Who: Loney Dear (Sweden)
Where: Rockefeller, by:Larm, Oslo, Norway
When: 11:30pm, February 16
Words: Wyndham Wallace
Photo: Patrick da Silva Sæther
It was late last year that I enjoyed the pleasure of interviewing Emil Svanängen about his brand new album, Hall Music. He was in LA, emailing from a hotel where he looked out across the city, a position most people would relish. Emil, however, was down, so down that I found myself moved to call him upon his return to Sweden under the pretence of continuing the interview, though in reality I wanted to check if he was OK.
Nowadays he’s happier, he tells me when I run into him outside the Nordic Music Prize ceremony, and so he should be. The album may not have made him a star, but for those who have discovered its charms, he’s something far more special: a comfort and an almost unparalleled source of consolation. Because the glory of Loney Dear is that everything he writes is all so believable.
He’s greeted tonight by fanatical cheers from an army of fans who are drawn to his childlike, honest amalgamation of sweet melancholy and guilty pleasure. Within minutes he’s whistling and humming like he’s just been let loose in a sweet store after hours, but, typically, the mood doesn’t last. Such happiness rarely does in his world, it seems: ‘Loney Blues’ sees him wail, his voice cracking at the top of its range like he could break down at any point, and ‘My Heart’ is similarly vulnerable, Svanängen now seated behind his guitar and recalling times when he woke up crying in his sleep.
He’s backed by a three piece band, Malin Ståhlberg switching between keyboard and accordion, while Svanängen – his shoes discarded beside a bank of effects pedals, his hair scruffy and his beard unkempt – occasionally employs a loop pedal for his vocals, pouring his heart out as though it’s therapy, and quite possibly it is. Admittedly tonight Loney Dear initially seem mildly restrained, even at times a little shaky, but such shyness is soon shaken off as Svanängen stands up, throwing his head back to let loose yet another of his idiosyncratic howls of pain.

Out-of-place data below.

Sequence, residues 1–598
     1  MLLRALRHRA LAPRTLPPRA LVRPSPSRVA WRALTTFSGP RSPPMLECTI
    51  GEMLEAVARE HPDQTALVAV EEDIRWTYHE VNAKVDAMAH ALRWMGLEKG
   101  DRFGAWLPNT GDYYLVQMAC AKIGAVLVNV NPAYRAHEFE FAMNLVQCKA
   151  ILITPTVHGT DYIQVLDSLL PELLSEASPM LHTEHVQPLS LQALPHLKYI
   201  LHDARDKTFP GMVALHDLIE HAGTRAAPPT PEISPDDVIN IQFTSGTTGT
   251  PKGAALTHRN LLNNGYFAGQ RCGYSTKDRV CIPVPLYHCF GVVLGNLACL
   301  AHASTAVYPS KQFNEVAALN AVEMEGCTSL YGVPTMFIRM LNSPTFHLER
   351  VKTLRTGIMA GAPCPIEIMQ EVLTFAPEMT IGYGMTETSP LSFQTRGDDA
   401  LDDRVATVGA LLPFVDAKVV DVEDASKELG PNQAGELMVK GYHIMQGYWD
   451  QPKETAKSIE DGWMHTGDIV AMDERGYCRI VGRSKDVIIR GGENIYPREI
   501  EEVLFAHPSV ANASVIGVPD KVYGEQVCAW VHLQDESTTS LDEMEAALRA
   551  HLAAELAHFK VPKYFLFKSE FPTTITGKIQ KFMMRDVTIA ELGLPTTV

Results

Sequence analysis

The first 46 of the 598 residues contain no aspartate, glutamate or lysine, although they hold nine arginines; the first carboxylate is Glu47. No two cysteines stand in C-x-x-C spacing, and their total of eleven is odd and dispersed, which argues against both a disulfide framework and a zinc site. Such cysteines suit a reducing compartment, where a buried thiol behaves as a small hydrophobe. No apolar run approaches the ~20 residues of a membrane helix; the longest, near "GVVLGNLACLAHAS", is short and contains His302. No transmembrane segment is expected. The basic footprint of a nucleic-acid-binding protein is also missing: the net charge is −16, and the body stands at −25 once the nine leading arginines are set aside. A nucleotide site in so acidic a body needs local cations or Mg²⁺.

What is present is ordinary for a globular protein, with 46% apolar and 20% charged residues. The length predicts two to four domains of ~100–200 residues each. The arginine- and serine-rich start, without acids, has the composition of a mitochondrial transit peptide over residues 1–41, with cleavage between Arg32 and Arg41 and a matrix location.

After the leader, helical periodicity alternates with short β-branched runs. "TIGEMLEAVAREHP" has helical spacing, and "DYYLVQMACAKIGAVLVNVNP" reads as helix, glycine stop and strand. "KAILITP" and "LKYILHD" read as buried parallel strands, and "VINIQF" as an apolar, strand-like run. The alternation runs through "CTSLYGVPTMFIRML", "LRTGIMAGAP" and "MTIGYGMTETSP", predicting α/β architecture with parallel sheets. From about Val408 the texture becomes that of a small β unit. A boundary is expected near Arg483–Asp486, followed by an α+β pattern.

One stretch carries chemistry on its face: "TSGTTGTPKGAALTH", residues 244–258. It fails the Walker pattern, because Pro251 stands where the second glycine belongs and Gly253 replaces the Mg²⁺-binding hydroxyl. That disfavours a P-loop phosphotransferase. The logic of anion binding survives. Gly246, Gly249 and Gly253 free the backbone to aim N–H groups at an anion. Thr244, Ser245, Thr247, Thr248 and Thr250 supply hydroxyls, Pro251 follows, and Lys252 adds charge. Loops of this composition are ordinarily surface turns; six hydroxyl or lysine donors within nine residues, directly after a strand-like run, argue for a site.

‘I Dreamed About You’ again is another example of his peculiar charm, building upon the simplest of foundations to a heartrending crescendo that brings the show to an all too early close. Svanängen leaves the stage humbly, most likely to worry about whether or not he’s left a mark upon his audience. But he has. The truth is, he always does.
Sweden should be proud. We should be grateful. Emil Svanängen should be more than happy. But, somehow, one hopes he’ll keep unearthing unhappiness within and sharing his discoveries. They keep us company when most we need it.